Types of StomatitisTypes of stomatitis include:
- Canker sore: A cancer sore, also known as an aphthous ulcer, isa single pale or yellow ulcer with a red outer ring or a cluster of such ulcers in the mouth, usually on the cheeks, tongue, or inside the lip.
- Cold sores: Also called fever blisters, cold sores are fluid-filled sores that occur on or around the lips. They rarely form on the gums or the roof of the mouth. Cold sores later crust over with a scab and are usually associated with tingling, tenderness, or burning before the actual sores appear.
- Mouth irritation. The irritation can be caused by:
- Biting your cheek, tongue, or lip.
- Wearing braces or another type of dental apparatus, or having a sharp, broken tooth.
- Chewing tobacco.
- Burning one's mouth from hot food or drinks.
- Having gum disease (gingivitis) or other type of mouth infection.
- Having hypersensitivities to certain agents, such as foods or medicines.
- Having certain autoimmune diseases affecting the mucosal lining of the mouth, such as lupus, Crohn's disease, or Behcet's disease.
- Taking certain drugs such as chemotherapeutic agents, antibiotics, medications used for rheumatoid arthritis, or epilepsy medications.
- Receiving radiation as part of cancer treatment.
Symptoms of Stomatitis: Canker Sores and Cold SoresCanker sore symptoms include:
- sores that can be painful
- sores usually last 5 to 10 days
- sores tend to recur
- sores are generally not associated with fever
- sores are usually painful
- sores are usually gone in 7 to 10 days
- sores are sometimes associated with cold or flu-like symptoms
Causes of Stomatitis: Canker Sores and Cold SoresCanker Sores
Nobody knows what exactly causes canker sores, but many factors may contribute to their development, such as certain medications, trauma to the mouth, poor nutrition, stress, bacteria or viruses, lack of sleep, sudden weight loss, and certain foods such as potatoes, citrus fruits, coffee, chocolate, cheese, and nuts.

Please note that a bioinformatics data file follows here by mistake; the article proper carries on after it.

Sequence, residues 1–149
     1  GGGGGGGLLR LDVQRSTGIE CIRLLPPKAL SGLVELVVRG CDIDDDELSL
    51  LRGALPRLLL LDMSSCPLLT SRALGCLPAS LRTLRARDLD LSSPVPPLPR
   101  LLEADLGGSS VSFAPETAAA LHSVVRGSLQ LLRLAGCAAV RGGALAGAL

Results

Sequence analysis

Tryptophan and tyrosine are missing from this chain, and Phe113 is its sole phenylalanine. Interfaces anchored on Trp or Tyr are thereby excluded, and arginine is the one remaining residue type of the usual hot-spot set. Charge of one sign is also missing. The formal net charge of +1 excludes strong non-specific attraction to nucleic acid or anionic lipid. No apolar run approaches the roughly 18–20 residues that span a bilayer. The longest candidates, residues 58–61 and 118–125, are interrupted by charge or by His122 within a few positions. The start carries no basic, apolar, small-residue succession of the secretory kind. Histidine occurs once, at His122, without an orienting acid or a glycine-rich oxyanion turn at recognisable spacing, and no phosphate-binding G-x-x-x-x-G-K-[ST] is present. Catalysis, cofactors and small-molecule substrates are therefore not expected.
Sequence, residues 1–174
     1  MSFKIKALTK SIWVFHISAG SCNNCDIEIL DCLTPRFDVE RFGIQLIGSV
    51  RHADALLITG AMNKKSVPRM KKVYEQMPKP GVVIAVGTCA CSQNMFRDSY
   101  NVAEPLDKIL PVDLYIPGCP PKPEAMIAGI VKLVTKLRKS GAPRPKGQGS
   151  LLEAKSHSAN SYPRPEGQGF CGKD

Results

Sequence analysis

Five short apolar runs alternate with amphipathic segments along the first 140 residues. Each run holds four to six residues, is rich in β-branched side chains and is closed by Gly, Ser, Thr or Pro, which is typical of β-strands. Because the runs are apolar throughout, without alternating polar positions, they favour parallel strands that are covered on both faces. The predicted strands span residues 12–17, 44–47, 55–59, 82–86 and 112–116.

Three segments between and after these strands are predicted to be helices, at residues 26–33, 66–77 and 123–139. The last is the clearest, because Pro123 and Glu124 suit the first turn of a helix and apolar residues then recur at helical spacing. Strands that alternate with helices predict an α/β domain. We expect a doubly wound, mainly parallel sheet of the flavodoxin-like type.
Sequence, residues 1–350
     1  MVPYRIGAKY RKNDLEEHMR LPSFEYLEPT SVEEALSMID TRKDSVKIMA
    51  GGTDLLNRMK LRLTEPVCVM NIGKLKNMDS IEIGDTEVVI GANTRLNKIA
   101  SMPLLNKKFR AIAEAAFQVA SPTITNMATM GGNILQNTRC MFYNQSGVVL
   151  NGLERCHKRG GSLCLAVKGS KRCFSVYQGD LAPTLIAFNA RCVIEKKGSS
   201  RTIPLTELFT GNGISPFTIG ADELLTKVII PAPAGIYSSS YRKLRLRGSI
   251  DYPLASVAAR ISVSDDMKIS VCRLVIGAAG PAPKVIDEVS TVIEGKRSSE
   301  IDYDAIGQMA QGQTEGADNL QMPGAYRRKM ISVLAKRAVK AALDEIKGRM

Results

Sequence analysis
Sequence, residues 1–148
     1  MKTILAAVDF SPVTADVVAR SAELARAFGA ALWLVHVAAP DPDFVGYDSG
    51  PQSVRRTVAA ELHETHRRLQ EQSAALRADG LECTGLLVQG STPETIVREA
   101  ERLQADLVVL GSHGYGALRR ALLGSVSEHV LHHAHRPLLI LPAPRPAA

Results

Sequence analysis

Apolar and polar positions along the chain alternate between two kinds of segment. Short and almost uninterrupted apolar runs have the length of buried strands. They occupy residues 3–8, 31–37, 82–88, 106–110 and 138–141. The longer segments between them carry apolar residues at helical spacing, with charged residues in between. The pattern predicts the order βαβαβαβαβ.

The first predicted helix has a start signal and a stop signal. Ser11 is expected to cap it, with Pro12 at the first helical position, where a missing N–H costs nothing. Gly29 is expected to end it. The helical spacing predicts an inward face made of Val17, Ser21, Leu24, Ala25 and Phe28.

Canker sores may also be related to a temporarily reduced immune system because of a cold or flu, hormonal changes, or low levels of vitamin B12 or folate. Even biting the inside of the cheek or chewing a sharp piece of food can trigger a canker sore.
Canker sores may result from a genetic predisposition and are considered an autoimmune disease; they are not contagious.
About 20% people in the U.S. will have canker sores at some point during their lifetime -- women more often than men.
Cold Sores and Fever Blisters
Cold sores and fever blisters are caused by the herpes simplex virus type 1. Unlike canker sores, cold sores and fever blisters are contagious from the time the blister ruptures to the time it has completely healed. The initial infection often occurs before adulthood and may be confused with a cold or the flu. Once the person is infected with the virus, it stays in the body, becoming dormant and reactivated by such conditions as stress, fever, trauma, hormonal changes (such as menstruation), and exposure to sunlight.
When sores reappear, they tend to form in the same location. In addition to spreading to other people, the virus can also spread to another body part of the affected person, such as eyes or genitalia.